The Geological Society of America, founded in 1888, is a scientific society with members from academia, government, and industry in more than 100 countries. Through its meetings, publications, and programs, GSA enhances the professional growth of its members and promotes the geosciences in the service of humankind. Headquartered in Boulder, Colorado, GSA encourages cooperative research among earth, life, planetary, and social scientists, fosters public dialogue on geoscience issues, and supports all levels of earth-science education.

Geological Society of America

Related Teeth Articles:

Brush your teeth to protect the heart
Brushing teeth frequently is linked with lower risks of atrial fibrillation and heart failure, according to a study published today in the European Journal of Preventive Cardiology, a journal of the European Society of Cardiology (ESC).
Piranha fish swap old teeth for new simultaneously
With the help of new technologies, a team led by the University of Washington has confirmed that piranhas lose and regrow all the teeth on one side of their face multiple times throughout their lives.
What wolves' teeth reveal about their lives
UCLA biologist discovers what wolves' broken teeth reveal about their lives.
These pink sea urchins have teeth that sharpen themselves
Sea urchins have five teeth, each held by a separate jaw in a circular arrangement at the center of their spiked, spherical bodies.
The secret strength of gnashing teeth
There's a method to finite element modeling for materials microarchitecture to make super strong glass.
No teeth cleaning needed: Crocodiles shed old teeth, grow new ones
Having one of the most powerful bites in the animal kingdom, crocodiles must be able to bite hard to eat their food such as turtles, wildebeest and other large prey.
FEFU scientists likely found way to grow new teeth for patients
A group of histologists and dentists from School of Biomedicine, Far Eastern Federal University (FEFU), teamed up with Russian and Japanese colleagues and found cells that are probably responsible for the formation of human dental tissue.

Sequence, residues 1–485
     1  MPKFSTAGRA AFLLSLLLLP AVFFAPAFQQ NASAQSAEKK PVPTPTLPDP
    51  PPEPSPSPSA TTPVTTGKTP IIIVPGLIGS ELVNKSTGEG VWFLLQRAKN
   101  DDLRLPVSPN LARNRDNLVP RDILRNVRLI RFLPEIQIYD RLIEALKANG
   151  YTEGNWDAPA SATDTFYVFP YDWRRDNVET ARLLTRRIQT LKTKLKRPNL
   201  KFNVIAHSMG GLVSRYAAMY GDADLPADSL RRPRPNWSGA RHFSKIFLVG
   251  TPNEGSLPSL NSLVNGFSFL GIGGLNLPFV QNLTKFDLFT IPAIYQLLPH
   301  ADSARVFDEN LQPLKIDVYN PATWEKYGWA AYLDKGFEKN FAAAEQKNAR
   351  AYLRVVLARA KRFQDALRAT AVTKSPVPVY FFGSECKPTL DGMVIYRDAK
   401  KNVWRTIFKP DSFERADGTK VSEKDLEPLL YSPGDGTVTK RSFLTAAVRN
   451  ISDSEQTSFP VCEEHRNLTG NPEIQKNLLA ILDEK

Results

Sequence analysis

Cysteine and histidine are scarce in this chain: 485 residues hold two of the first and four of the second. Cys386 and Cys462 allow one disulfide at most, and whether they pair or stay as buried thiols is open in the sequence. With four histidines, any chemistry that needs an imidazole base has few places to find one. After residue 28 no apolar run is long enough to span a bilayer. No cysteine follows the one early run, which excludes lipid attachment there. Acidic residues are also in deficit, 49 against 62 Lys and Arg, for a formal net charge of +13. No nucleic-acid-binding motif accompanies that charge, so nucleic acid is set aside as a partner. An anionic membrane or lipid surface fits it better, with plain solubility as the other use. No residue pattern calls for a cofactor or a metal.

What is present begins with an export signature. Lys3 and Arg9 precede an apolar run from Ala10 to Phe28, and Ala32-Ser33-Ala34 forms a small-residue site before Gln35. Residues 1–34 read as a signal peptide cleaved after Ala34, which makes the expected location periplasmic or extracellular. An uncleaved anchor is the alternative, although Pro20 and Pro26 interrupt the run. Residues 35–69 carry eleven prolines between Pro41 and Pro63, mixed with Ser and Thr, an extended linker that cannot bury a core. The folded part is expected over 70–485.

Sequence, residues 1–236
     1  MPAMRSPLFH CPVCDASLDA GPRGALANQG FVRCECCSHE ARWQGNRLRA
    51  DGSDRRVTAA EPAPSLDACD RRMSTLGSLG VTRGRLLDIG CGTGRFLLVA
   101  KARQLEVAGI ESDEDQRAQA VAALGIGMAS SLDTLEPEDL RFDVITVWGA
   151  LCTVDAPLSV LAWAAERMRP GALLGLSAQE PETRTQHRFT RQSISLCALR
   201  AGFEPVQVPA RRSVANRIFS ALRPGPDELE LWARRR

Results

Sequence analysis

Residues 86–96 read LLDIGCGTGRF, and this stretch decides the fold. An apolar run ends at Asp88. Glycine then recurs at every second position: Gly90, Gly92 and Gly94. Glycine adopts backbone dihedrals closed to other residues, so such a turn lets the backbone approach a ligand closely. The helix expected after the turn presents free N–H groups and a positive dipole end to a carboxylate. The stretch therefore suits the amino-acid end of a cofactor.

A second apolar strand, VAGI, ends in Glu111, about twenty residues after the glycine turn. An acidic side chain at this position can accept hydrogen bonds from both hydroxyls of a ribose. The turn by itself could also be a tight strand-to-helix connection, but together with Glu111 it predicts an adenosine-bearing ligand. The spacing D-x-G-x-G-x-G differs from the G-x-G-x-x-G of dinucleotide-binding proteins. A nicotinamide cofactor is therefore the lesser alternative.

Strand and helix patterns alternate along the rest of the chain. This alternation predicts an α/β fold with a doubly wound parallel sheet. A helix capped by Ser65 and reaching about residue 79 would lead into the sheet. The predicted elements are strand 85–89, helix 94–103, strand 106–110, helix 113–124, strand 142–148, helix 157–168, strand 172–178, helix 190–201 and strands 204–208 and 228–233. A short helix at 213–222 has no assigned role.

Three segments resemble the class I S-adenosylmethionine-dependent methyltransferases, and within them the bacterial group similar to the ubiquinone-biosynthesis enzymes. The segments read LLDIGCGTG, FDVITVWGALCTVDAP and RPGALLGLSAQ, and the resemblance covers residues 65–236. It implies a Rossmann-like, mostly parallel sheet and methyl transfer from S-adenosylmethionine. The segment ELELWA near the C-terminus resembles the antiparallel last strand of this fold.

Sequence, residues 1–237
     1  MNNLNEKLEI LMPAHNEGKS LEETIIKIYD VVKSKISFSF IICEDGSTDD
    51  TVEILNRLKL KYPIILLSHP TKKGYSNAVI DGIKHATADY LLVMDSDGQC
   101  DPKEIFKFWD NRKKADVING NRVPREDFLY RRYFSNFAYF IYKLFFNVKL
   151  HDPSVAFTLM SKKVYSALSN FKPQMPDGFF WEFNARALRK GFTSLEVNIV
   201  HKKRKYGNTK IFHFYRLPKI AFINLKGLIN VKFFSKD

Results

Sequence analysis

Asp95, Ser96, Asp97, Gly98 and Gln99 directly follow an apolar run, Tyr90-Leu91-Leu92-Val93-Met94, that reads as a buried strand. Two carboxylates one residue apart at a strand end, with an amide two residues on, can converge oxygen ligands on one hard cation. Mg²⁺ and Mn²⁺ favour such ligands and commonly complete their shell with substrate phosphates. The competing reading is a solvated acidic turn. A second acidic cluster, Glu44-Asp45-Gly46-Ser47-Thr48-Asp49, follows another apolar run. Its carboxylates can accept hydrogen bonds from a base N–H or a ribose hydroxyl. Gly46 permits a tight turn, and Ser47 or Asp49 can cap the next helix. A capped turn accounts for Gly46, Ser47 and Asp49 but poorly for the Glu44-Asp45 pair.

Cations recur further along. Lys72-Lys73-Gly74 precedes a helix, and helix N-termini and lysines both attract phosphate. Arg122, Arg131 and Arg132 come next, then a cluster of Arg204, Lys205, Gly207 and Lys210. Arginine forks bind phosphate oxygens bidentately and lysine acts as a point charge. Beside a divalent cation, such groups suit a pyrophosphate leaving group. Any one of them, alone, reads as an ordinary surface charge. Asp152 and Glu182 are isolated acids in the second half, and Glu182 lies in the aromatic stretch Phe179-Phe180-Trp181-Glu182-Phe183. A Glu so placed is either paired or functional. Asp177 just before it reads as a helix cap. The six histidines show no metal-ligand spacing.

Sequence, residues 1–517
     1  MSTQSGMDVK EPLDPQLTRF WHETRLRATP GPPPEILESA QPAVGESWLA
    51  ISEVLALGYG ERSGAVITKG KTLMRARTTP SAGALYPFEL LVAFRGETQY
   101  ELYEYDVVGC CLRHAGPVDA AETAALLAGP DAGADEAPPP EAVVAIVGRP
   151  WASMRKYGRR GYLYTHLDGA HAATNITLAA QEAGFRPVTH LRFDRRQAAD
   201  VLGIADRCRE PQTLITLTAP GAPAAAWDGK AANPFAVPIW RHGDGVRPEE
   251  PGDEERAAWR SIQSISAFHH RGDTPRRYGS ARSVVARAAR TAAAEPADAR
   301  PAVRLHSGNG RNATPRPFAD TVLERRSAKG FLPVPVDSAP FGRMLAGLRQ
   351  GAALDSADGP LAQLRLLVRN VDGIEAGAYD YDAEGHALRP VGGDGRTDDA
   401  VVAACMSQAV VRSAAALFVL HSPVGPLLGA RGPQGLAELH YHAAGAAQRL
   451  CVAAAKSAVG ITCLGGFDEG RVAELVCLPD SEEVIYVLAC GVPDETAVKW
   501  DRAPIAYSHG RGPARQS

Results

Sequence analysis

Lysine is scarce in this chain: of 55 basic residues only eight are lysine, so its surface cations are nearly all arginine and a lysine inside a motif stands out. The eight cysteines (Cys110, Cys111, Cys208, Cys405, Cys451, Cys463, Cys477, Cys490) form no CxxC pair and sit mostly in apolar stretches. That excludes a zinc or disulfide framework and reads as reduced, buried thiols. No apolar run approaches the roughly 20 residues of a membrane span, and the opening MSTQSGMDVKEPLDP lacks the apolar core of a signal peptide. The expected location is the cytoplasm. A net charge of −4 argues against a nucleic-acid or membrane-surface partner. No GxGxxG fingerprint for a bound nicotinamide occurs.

Why deep-sea dragonfish have transparent teeth
Off the coast of San Diego, 500 meters under the sea, pencil-sized sea monsters grin pitch-black smiles because their mouths are filled with transparent teeth.
Brush your teeth -- postpone Alzheimer's
Researchers at the University of Bergen in Norway have discovered a clear connection between oral health and Alzheimer´s disease.
New study calls for supervision orders to have 'more teeth'
This study, funded by the Nuffield Foundation, is the first national study of all children placed on supervision orders between 2010/11 and 2016/17 -- a total of 19,296 children.
More Teeth News and Teeth Current Events

Trending Science News

Current Coronavirus (COVID-19) News

Top Science Podcasts

We have hand picked the top science podcasts of 2020.
Now Playing: TED Radio Hour

Climate Mindset
In the past few months, human beings have come together to fight a global threat. This hour, TED speakers explore how our response can be the catalyst to fight another global crisis: climate change. Guests include political strategist Tom Rivett-Carnac, diplomat Christiana Figueres, climate justice activist Xiye Bastida, and writer, illustrator, and artist Oliver Jeffers.
Now Playing: Science for the People

#562 Superbug to Bedside
By now we're all good and scared about antibiotic resistance, one of the many things coming to get us all. But there's good news, sort of. News antibiotics are coming out! How do they get tested? What does that kind of a trial look like and how does it happen? Host Bethany Brookeshire talks with Matt McCarthy, author of "Superbugs: The Race to Stop an Epidemic", about the ins and outs of testing a new antibiotic in the hospital.
Now Playing: Radiolab

Speedy Beet
There are few musical moments more well-worn than the first four notes of Beethoven's Fifth Symphony. But in this short, we find out that Beethoven might have made a last-ditch effort to keep his music from ever feeling familiar, to keep pushing his listeners to a kind of psychological limit. Big thanks to our Brooklyn Philharmonic musicians: Deborah Buck and Suzy Perelman on violin, Arash Amini on cello, and Ah Ling Neu on viola. And check out The First Four Notes, Matthew Guerrieri's book on Beethoven's Fifth. Support Radiolab today at Radiolab.org/donate.